Five Questions with the Office for Institutional Equity and Diversity

Office for Institutional Equity and Diversity training participants

NC State’s Office for Institutional Equity and Diversity (OIED) works with faculty, staff, students and the community to create a more inclusive and welcoming campus for all. The office strives to accomplish this goal through offering a wide variety of educational opportunities, including the Cultural Competence and Inclusivity Certificate program.

We spoke with Beverly Williams, director of training and education for OIED, about the program, its benefits and other ways faculty and staff can increase their cultural competency.

Beverly Williams, director of training and education for OIED
Beverly Williams, OIED director of training and education

What is the Cultural Competence and Inclusivity Certificate program and what was the inspiration behind the program?

OIED has offered a wide range of cultural competence education activities and initiatives for a while now — we wanted to help faculty develop the skills necessary to effectively engage in an increasingly diverse campus and world. We developed the Cultural Competence and Inclusivity Certificate program in an effort to expand our offerings, and started with a website describing how to increase your cultural competence. Now, there are three components to the program, which officially debuted fall 2019. 

Our online component — DiversityEdu for Faculty: Personal Skills for a Diverse Campus — is a training course that focuses on engaging with diversity and growing inclusive culture, and provides information and skills for building inclusive environments (at no cost). We’ve had about 119 faculty register so far. The next component is the CQ Cultural Intelligence Assessment, which introduces faculty to the cultural intelligence model using the CQ instrument, with an emphasis on communication across cultures as it relates to participants’ roles within NC State ($100 per participant). The assessment is actually available to all of campus. Finally, Building Cultural Competence Knowledge and Skills is an in-person session where participants practice skills for engaging effectively across differences, and explore identities and the impact of socialization on identities. Faculty can complete DiversityEDU and take the Building Cultural Competence Knowledge and Skills workshop even if they don’t opt to complete the full certificate program.

How can faculty use this program to increase not only their cultural competency, but that of others around them (i.e. students in their classes, research assistants, etc.)?

One of the goals of the Cultural Competence and Inclusivity Certificate program is to help faculty positively influence others, including their students. The more faculty demonstrate cultural competence skills — how to engage with people with differing opinions and from different backgrounds — the more that will help students. These students will learn from the example that faculty set, and will feel more comfortable having discussions related to diversity.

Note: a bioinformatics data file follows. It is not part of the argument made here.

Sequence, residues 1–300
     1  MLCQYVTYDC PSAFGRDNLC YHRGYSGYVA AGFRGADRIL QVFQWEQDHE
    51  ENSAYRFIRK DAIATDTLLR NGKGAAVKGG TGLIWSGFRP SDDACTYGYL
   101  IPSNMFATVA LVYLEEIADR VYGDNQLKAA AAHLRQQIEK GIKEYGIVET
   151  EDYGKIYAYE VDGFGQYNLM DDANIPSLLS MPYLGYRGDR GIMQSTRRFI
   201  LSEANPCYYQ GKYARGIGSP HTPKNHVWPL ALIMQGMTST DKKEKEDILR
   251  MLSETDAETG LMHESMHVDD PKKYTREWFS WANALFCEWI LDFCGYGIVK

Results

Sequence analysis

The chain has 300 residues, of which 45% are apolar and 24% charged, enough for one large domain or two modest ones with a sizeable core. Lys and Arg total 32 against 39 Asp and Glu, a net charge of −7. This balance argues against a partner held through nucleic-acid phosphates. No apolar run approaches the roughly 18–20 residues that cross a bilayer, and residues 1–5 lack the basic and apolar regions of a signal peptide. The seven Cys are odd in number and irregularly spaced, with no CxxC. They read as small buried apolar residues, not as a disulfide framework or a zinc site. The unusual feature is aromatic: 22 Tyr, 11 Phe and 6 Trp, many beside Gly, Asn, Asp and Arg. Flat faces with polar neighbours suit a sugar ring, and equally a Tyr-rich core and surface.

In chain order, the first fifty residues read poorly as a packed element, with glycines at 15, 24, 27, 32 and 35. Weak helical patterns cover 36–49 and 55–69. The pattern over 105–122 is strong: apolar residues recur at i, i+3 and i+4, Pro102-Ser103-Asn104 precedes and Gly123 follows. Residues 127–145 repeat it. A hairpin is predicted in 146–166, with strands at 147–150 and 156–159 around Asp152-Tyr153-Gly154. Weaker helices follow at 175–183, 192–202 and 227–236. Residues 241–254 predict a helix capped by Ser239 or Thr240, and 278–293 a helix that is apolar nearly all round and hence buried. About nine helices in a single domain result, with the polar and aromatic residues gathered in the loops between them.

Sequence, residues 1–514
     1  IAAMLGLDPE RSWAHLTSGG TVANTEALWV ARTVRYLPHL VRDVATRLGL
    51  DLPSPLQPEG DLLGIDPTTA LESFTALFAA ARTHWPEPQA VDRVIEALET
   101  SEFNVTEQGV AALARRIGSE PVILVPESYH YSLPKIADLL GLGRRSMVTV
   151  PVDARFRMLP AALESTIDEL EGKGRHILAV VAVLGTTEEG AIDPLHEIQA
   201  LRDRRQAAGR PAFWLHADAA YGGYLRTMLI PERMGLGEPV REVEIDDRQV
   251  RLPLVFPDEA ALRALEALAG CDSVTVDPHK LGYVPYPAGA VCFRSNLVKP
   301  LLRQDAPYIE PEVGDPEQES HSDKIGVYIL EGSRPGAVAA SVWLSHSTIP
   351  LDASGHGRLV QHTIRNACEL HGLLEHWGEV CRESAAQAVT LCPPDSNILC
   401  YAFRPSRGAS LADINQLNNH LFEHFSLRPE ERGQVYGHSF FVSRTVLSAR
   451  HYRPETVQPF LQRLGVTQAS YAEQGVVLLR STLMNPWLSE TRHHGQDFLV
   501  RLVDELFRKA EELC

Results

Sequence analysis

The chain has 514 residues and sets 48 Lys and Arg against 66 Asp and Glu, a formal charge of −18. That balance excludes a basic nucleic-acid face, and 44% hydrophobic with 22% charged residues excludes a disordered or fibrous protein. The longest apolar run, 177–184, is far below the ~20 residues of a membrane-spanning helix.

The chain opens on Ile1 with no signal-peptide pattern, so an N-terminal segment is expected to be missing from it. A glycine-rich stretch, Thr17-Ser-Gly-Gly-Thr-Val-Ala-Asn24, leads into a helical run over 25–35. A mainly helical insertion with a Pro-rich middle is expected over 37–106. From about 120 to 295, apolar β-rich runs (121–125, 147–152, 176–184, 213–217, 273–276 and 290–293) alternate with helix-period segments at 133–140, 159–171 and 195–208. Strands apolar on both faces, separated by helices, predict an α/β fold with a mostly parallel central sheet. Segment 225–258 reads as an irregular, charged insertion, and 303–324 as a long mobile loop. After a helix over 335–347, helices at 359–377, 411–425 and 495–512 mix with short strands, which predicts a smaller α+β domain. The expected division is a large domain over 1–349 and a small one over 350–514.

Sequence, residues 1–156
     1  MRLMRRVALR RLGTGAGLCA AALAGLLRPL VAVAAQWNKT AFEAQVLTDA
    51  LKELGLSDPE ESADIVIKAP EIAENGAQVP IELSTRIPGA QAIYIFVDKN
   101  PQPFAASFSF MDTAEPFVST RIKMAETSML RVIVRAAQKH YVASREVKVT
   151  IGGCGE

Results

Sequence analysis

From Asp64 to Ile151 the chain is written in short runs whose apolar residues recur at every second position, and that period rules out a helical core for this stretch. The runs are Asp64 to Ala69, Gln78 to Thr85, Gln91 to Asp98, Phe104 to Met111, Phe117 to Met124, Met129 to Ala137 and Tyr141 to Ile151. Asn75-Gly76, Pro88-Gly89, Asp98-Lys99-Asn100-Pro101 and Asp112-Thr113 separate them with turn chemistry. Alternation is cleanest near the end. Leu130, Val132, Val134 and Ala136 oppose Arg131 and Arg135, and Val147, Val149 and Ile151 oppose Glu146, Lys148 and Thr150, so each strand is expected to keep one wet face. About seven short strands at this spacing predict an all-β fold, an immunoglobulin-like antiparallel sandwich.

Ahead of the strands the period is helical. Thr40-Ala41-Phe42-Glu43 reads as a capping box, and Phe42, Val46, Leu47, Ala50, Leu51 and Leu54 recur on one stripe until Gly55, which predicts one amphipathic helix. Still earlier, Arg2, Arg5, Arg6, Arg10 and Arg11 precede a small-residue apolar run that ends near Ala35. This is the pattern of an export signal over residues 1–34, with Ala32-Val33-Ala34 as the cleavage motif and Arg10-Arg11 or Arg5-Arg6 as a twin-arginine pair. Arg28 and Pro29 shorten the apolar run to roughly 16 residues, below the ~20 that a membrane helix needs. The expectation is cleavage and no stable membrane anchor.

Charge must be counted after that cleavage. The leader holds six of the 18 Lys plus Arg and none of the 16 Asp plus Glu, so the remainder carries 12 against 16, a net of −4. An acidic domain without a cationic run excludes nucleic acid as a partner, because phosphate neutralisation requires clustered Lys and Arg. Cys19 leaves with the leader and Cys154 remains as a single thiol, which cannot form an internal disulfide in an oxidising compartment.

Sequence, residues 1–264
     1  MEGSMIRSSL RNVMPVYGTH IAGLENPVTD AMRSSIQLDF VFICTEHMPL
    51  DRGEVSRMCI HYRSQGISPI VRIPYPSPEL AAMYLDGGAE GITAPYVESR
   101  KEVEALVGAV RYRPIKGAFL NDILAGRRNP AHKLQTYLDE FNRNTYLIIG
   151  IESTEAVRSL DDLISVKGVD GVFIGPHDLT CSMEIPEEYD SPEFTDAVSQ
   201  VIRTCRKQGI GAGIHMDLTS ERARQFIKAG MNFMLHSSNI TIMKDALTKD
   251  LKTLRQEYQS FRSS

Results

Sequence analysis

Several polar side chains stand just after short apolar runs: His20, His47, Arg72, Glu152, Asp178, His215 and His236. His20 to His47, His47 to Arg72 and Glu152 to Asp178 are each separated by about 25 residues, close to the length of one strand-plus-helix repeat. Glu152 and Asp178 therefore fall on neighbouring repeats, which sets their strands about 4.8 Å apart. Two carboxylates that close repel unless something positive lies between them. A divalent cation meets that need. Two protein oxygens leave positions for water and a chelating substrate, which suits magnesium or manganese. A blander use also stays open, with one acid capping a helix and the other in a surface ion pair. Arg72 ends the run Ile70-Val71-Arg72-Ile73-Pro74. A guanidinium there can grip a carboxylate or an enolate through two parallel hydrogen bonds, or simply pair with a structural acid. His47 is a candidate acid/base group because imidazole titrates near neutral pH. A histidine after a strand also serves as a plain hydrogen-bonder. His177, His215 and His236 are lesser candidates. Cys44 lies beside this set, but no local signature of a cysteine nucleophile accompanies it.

What sort of dialogues do you hope that the program starts with participants?

We really want to start a dialogue on diversity in general. Through the certificate program, we hope participants will feel more comfortable engaging across differences. We want them to be willing to have important conversations and get to know people different from them, whether that’s colleagues, students or visitors to campus. They should become more motivated to learn about diverse populations.

There are so many diversity-related activities and initiatives happening every day at NC State. One recent example is the Diversity in STEM Symposium, which gave many people the opportunity to engage in dialogue on the experiences of different populations. We’re in the process of building out our website to showcase more opportunities to engage and learn. You’re never going to be completely culturally competent because there’s always more to learn — people and times change and you’ll always be developing your cultural competence. We really hope that the certificate program will be a starting point for many more learning opportunities.

What are some other ways faculty and staff can increase their cultural competency?

OIED’s website has some wonderful information that includes workshops and training related to creating and maintaining an inclusive and welcoming campus community. We’re also working on a website that will have additional resources for all of campus, including a listing of books, podcasts, helpful websites and more. We hope to have that ready by the end of this semester.

Are there plans to grow cultural competency training in the future?

We have so many training opportunities already, but we’ll continue to grow. In the future, we’ll put more focus on our Equal Opportunity Institute, which seeks to improve NC State’s campus climate through developing the understanding and skills to effectively engage with increasingly diverse working and learning environments. We’re going to look at resources available outside the university, as well as developing other training in various formats like lunch and learns and webinars.

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